Teaching English abroad is always an adventure. When I arrived in Australia in 2016 on a Work Holiday visa, I planned to work in a store to save up enough money to travel with. I had just quit my job teaching at an American school in Spain and had no plans to teach.
Nearly four years later, I’m still in Australia and have taught in two different English language schools for almost 4 years. Here’s how you can teach English in Australia on a Work Holiday visa.
What is a Work Holiday visa?
To start, the Australian Work Holiday visa is for young people between the ages of 18-30 (or up to 35 for French, Canadian or Irish citizens) from a selected list of countries.
You can stay for a total of 12 months and it currently costs $485 AUD. You can sometimes renew the visa for a second or even third time.
Subclass 417: You must have a passport from one of these countries:
- Republic of Cyprus
- Hong Kong Special Administrative Region of the People’s Republic of China (including British National Overseas passport holders)
- Republic of Ireland
- Republic of Korea
- Taiwan (other than an official or diplomatic passport)
- The United Kingdom of Great Britain and Northern Ireland
Subclass 462: You must have a passport from one of these countries:
- China, People’s Republic of
- Czech Republic
- San Marino
- Slovak Republic
- United States of America
What do I need to teach in Australia on a Work Holiday visa?
Firstly, if you want to teach at an English language school, you will need a degree of at least 3 years full-time and a TESOL certification. Despite holding a US teaching certificate and Master’s degree, I ended up doing a CELTA course at the same time as my first teaching job in Australia.
For those who are seriously thinking about teaching in Australia, I would recommend getting your TESOL certification before arriving.
If you already have a teaching certificate or higher education degree, it is to your advantage because you will be paid on a step system. Having these qualifications means that your starting salary will automatically be higher.
Unfortunately, any previous teaching experience in any country that isn’t Australia only counts for half. This information is also taken into consideration when determining your pay step.
How do I apply for teaching jobs?
When I arrived in 2016, the education industry was booming. I applied to a few different schools simply by emailing them. At that time it was also possible to walk into a school with your CV and walk out with a teaching position.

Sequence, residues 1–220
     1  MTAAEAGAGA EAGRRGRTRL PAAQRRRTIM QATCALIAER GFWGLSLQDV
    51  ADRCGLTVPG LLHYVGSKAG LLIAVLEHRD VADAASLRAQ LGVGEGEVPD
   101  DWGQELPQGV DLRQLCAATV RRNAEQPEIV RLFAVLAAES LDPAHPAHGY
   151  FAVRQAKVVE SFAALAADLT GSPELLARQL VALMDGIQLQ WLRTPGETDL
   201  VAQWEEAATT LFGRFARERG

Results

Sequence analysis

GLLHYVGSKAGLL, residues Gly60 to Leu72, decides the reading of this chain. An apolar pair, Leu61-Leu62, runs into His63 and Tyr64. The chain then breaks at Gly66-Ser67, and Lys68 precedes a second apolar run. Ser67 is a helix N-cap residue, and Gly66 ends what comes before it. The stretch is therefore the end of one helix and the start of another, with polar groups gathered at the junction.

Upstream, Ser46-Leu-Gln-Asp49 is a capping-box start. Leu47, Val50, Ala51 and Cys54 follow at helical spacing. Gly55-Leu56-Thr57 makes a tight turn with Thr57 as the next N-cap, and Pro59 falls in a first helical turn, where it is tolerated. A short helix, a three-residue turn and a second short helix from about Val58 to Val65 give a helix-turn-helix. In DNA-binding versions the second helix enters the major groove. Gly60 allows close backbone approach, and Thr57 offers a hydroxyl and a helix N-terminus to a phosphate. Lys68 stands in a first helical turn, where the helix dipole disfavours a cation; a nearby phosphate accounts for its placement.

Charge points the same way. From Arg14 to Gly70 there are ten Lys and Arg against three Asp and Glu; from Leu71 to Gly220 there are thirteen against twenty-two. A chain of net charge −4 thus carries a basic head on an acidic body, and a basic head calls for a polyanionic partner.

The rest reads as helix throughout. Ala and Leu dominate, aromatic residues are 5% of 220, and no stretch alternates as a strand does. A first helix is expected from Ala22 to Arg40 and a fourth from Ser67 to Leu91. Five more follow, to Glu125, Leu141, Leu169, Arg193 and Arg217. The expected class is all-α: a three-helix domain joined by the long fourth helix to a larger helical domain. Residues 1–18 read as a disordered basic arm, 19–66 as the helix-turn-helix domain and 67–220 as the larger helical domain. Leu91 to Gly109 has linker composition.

However, there is a lot of turnover in this industry, so teachers are constantly coming and going.
In 2020, thanks to the Australian bushfires and Covid-19, Australia currently has its borders shut to international students. However, the international education industry in Australia is an important one and I believe that special exceptions are going to be made for these students soon. By the time Work Holiday visas open back up, I predict that student visas will also be available.
Another popular way to find teaching jobs is Seek.com.au.
What is teaching English in Australia on a Work Holiday visa like?
Depending on the language school, you can find opportunities to teach general English, Business English and exam preparation courses for IELTS, PTE, and Cambridge. You usually need to be a Jack or Jill-of-all-trades because of rolling enrollment.
New groups of students arrive each week, so one week you may find yourself teaching pre-Intermediate while the next you jump to advanced. Flexibility and adaptability are really important skills to have.
To give you an idea, during my time as a teacher in Australia, I’ve taught all levels from beginner to upper-intermediate, as well as Cambridge FCE, CAE, private lessons, and Business English.
Again, depending on the language school, there may be morning, afternoon, and/or evening classes. This is great because it allows you plenty of time to enjoy your Work Holiday visa and explore Australia.
In my experience, students are usually 18-60 years old, with most students in the 20-30 range. There are opportunities to teach children as well if you prefer.
If you have previous experience as a teacher and are looking for a change, I would recommend giving Australia a go. It’s possible to teach while on a Work Holiday visa, so take a year off and teach students from all over the world while exploring the “land down under.”
Before you sign any contracts, take a look at this post which talks about the things people DON’T tell you about teaching abroad.
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